Dublin City Councillors will soon have the option of taking home a bit more money.
But some say they might not bother, and that a new system for allowances doesn’t fix the shortage of resources that is the main bane of local representatives.
At the moment, Dublin city councillors get annual unvouched, untaxed allowances totalling €7,188.45 on top of their salary of €16,565.
That’s made up of €1,665.15 for the travel allowance, €2,856.85 for the subsistence allowance, and €2,666.45 for what’s referred to as an “elected member’s fixed allowance”.
This fixed allowance is now set for an increase, from €2,666.45 to a maximum of €5,000. But there’s a catch.
Unlike the previous unvouched system, this new allowance will be fully vouched, meaning that councillors – should they opt for the €5,000 maximum – will have to keep track of their receipts and file them with the local authority in order to claim expenses.
Up to now, councillors were not required to log stringently all the expenses that they were claiming under the fixed allowance.
Whether or not councillors will sign up to the optional new system, and whether it’s a necessary intervention is debatable, though.
A Vouched Increase
Councillors have enough to deal with, says Fine Gael Councillor Paddy Smyth.
More administrative work such as keeping and filing receipts would only delay them in their work, he says. “I suspect this could be a long, drawn-out thing.”
Smyth works full-time as a GP. “(…) I don’t think I’ve ever submitted much for anything since I’ve been on Dublin City Council, so sitting down and figuring out with a calculator just how many miles I’ve done is just not worth it for me.”
His time could be better spent elsewhere, he said.
The new system, which is due to come into effect on 1 July 2017, is optional for now. Local councillors can stick with the unvouched sum of €2,666.45 or keep track of their expenses, file their receipts and submit them to Dublin City Council for up to €2,333.55 extra per annum.
According to a letter sent by the Department of Housing, Planning, Community and Local Government to local authority chief executives last week, the move aims to address the changed landscape of local authorities since the local government reforms of 2014.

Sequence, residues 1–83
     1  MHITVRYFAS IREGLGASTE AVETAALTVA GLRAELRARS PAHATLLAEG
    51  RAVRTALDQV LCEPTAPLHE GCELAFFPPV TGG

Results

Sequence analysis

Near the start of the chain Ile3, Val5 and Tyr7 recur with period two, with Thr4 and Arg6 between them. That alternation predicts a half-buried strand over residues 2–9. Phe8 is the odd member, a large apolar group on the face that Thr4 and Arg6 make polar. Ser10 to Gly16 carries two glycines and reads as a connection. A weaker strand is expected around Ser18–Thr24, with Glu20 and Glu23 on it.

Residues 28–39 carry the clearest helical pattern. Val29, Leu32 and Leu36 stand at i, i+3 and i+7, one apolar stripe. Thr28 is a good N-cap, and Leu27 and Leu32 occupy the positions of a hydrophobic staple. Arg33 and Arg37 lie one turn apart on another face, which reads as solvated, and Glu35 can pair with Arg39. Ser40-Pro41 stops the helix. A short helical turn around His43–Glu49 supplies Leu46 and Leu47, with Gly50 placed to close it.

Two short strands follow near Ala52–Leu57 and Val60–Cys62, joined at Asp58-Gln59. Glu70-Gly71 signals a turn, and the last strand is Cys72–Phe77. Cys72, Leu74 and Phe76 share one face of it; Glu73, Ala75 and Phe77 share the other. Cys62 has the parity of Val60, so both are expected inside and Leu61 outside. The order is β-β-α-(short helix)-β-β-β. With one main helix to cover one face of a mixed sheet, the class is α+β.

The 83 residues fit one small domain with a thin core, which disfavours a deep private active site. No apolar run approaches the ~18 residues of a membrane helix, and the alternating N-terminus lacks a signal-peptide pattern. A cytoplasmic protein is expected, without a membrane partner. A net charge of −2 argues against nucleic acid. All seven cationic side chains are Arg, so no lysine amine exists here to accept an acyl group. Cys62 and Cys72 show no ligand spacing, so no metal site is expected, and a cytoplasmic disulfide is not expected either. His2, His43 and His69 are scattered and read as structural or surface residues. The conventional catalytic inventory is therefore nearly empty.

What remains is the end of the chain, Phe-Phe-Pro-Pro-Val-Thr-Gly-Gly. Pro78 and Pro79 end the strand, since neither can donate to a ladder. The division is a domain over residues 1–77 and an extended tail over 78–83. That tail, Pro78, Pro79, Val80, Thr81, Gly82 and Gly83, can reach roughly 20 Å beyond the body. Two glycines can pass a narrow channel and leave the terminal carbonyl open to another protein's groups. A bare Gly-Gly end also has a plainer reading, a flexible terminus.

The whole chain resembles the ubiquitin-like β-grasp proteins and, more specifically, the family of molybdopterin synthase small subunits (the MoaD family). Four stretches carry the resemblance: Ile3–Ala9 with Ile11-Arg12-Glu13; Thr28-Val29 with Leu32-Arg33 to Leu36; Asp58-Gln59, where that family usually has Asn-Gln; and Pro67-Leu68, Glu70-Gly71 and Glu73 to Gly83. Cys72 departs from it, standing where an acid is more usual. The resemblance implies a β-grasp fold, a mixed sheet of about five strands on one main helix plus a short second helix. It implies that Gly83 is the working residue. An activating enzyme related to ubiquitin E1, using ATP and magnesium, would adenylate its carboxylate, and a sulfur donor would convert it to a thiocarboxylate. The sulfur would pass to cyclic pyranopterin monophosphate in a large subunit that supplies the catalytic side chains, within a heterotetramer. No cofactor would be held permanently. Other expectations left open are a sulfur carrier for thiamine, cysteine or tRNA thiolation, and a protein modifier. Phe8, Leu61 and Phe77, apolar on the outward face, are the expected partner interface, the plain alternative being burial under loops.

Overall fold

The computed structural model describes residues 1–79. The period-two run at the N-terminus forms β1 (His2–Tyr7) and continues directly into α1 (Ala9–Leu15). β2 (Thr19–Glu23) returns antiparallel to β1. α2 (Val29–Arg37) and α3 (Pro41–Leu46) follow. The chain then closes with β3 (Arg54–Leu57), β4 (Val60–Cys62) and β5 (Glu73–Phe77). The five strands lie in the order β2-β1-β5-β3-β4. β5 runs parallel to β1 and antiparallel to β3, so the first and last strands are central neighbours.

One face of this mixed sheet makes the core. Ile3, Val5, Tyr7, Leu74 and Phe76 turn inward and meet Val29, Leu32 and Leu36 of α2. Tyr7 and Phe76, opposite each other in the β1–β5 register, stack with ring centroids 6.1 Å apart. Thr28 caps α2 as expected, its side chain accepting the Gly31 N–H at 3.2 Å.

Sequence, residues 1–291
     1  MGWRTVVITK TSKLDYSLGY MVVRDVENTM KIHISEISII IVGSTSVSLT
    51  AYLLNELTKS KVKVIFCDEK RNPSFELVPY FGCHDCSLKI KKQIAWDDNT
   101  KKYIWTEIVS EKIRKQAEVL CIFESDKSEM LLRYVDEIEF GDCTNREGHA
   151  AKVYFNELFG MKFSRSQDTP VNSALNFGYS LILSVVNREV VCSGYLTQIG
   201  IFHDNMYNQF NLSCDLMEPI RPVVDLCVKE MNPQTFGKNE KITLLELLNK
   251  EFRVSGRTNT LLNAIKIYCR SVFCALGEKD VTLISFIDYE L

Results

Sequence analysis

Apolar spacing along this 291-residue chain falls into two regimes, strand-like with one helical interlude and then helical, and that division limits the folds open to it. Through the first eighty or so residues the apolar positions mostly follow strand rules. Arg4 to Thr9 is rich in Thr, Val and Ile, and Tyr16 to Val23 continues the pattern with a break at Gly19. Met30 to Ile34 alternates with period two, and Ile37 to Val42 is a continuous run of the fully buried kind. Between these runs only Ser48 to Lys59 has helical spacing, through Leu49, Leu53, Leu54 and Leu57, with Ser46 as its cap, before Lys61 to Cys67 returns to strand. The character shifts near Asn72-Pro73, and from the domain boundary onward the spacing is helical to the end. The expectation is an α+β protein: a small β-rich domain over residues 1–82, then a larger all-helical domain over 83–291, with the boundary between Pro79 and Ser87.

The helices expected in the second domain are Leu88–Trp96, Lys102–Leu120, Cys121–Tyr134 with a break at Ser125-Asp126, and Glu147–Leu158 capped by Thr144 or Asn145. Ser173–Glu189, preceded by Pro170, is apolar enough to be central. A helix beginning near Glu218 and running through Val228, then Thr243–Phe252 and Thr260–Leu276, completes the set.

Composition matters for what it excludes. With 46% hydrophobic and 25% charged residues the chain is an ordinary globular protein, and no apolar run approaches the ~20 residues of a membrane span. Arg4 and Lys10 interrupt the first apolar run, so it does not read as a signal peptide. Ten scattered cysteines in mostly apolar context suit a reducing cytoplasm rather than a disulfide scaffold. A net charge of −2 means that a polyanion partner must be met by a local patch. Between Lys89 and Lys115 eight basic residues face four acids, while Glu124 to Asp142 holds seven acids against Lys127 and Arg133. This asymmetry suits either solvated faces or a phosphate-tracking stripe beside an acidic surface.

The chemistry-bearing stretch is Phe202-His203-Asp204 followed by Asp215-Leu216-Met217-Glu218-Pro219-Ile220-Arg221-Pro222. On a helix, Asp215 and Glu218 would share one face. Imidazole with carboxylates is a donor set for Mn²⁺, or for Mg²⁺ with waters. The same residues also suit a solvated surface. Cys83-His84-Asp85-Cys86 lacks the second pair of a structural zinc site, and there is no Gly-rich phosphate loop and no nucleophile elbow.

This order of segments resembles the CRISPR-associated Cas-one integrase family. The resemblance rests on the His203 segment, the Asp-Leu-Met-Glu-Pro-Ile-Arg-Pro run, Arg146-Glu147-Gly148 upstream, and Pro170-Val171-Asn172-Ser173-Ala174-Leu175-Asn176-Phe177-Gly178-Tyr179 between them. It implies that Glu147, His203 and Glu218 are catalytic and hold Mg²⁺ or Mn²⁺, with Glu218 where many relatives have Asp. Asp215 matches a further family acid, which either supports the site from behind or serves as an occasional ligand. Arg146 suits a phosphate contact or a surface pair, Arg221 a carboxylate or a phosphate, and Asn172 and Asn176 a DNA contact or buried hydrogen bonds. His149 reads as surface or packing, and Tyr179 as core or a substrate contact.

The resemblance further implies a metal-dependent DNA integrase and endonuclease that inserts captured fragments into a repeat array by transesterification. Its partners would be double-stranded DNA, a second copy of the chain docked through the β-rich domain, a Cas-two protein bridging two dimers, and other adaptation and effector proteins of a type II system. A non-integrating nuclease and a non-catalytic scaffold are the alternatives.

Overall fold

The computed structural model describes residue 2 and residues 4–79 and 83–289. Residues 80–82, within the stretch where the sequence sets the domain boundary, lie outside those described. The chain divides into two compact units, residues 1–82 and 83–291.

Between then and now, the number of local councillors has decreased by 41 percent, from 1,627 to 949, according to the letter. An increase in the fixed allowance is supposed to ease the burden caused by this decrease and larger electoral areas.
But that system could be abused, says Fine Gael’s Smyth. “My fear is that the €5,000 will be pretty much seen as a target,” he says. “People [councillors] could go, ‘Now I’ve to spend €5,000 on flyers and distribution.'”
It won’t necessarily solve the broader issue of councillors’ workloads and time constraints, either. “If you really want to help councillors, then provide them with staff,” says Smyth.
“Provide them with, say, three mornings a week of clerical staff or provide them with somebody who can do a bit of research, provide them with someone who’s a dedicated liaison between them and the council,” he said.
Under the new, vouched system, the money could be spent on a number of items: leaflets and newsletter distribution, hiring rooms for clinics and other meetings, and the purchase of secretarial support.
The Transparency Question
Aside from the question of councillors’ resources, there is a question of whether these expenses should be more transparent and available to the public.
Independent Councillor Ruairí McGinley says he’s unsure whether he’ll opt for the increase.
“Essentially it corresponds, or it’s going to correspond, with the Dáil level, which, in principle, is a good idea (…),” he says.